Eventually, as friends do, we moved on with each other’s life, and stopped racing slot cars on the floor. But that left me with a conundrum, I wanted to race slots, I still had my track and was still building cars, but now I was married so I had no one to race with. Why is it women can’t deal with Slot Cars? Is it they see them as just toys? Probably, but if we are at home in the Shed racing little toy cars, surely that is a better past time than picking up stray women or even just getting drunk and or stoned and never being home.
I sold my Scalex collection, I can still see that Tyrell P34 Matchbox kit I put the Group 20 in (from the GTHO), that just did incredible speeds on my little plastic track, among other kit bashed cars I’d spent hours detailing and getting just right so I could slam them through corners the way they were supposed to be slammed. (After some hunting I tracked down the same P34 kit, it resides in my cupboard waiting)
This ended my first slot car passion in 1982. I suppose when my marriage ended a year or so later it was part of the inevitability of it all. She never could deal with my passion for speed, and cars. After slot cars I just concentrated on my 1:1 cars, much to her disgust.
Slot cars took a back seat until I again married in 1995 and had a little baby boy all my own to play with. His second birthday was the beginning of my second great love affair with slots. I bought him a Bathurst HO layout and the passion was reignited. After building a 12ft by 4ft table to construct a lovely four lane HO layout I slowly began to realise that, as in the 70s and 80s, no one raced HO in Australia. So a change of plans, even though I had a fantastic collection of little HO cars that were beautiful, these were sold and a 32nd scale layout took the place of the HO. I also began racing with a group of great Lads at CARRACE in Canberra, on a fortnightly basis, we competed in various classes and I wanted to win.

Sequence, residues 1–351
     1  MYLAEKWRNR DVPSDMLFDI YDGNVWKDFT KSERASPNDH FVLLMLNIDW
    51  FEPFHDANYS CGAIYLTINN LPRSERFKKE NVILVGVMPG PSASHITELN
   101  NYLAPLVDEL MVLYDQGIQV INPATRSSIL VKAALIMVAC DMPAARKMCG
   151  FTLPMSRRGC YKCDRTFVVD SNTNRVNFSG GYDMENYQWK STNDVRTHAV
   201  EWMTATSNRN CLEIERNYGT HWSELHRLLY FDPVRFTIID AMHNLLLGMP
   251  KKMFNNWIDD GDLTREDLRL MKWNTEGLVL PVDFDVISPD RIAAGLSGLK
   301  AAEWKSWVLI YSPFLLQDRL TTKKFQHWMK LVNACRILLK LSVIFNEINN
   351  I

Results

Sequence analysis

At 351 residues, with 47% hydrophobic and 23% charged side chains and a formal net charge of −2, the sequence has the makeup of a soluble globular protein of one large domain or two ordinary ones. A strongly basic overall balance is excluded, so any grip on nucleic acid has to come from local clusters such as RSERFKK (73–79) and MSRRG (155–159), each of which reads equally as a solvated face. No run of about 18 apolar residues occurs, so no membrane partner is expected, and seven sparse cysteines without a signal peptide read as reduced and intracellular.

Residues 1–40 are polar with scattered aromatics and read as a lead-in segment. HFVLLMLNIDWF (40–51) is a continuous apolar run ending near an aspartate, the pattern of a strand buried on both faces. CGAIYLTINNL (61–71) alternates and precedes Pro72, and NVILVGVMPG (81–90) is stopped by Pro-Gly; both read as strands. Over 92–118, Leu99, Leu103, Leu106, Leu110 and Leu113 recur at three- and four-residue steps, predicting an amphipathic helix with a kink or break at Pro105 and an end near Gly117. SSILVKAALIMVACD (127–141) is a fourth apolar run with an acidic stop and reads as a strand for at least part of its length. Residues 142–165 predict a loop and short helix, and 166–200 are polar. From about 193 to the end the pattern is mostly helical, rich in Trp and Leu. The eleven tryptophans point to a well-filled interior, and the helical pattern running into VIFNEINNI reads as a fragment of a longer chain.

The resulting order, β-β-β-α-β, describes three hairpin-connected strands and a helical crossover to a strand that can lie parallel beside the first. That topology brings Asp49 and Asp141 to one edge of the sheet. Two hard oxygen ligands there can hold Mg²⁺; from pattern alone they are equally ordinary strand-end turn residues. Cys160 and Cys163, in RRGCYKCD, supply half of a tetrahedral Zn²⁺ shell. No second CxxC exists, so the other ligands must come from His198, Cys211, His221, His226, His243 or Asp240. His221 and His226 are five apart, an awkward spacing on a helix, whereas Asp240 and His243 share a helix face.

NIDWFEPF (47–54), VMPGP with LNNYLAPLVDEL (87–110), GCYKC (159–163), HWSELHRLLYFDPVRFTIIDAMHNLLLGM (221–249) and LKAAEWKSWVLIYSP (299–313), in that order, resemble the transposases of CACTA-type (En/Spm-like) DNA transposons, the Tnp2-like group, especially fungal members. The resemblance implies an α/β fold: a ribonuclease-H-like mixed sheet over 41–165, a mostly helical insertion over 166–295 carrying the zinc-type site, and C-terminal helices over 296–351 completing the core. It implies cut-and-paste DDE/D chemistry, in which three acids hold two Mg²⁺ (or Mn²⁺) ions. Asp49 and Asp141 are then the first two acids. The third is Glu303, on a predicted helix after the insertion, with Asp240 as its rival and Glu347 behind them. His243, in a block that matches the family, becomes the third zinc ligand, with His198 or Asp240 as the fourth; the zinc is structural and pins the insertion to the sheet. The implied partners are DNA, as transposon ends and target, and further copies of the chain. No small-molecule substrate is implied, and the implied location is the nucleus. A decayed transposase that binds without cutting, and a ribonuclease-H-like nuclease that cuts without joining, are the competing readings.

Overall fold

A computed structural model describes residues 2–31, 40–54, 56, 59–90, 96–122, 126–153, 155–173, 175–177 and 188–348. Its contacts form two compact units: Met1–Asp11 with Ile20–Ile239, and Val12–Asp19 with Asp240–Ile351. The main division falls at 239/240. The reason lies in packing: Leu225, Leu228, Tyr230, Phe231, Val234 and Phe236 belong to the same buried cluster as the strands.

These new 32nd scale cars were incredible. Where had I been during the last twenty odd years? Why had I missed this evolution into something that was almost perfect Scale at last? This was what I spent hundreds of hours creating with kit bashing, it was now available delivered to my door via ebay!
The garage was no longer for 1:1 cars (I had moved on to real speed anyway, bikes) the missus car was parked under cover, but not in the garage, that was for cars, toy cars.
Even though the club raced 32nd cars, I still wanted the speed that came with 24th scale cars, so I looked around very carefully before I invested in some Carrera track and cars. Boy was that a mistake at the time. It meant the current body of knowledge available at the club was useless because no one had any experience with the stuff. Note I said at the time, because it did leave me with a legacy I have used for Digital. But more of that later….
The club raced a selection of classes, including NASCAR oval racers. This included the usual suspects but the point I am making was I got a taste of Wood racing again. There were a few wooden layouts in the club, it was painfully obvious I was headed down that track, the garage looked like the perfect place to setup some power tools and start building.
And thus begins the second part of my story, the serious period in Slot Cars…..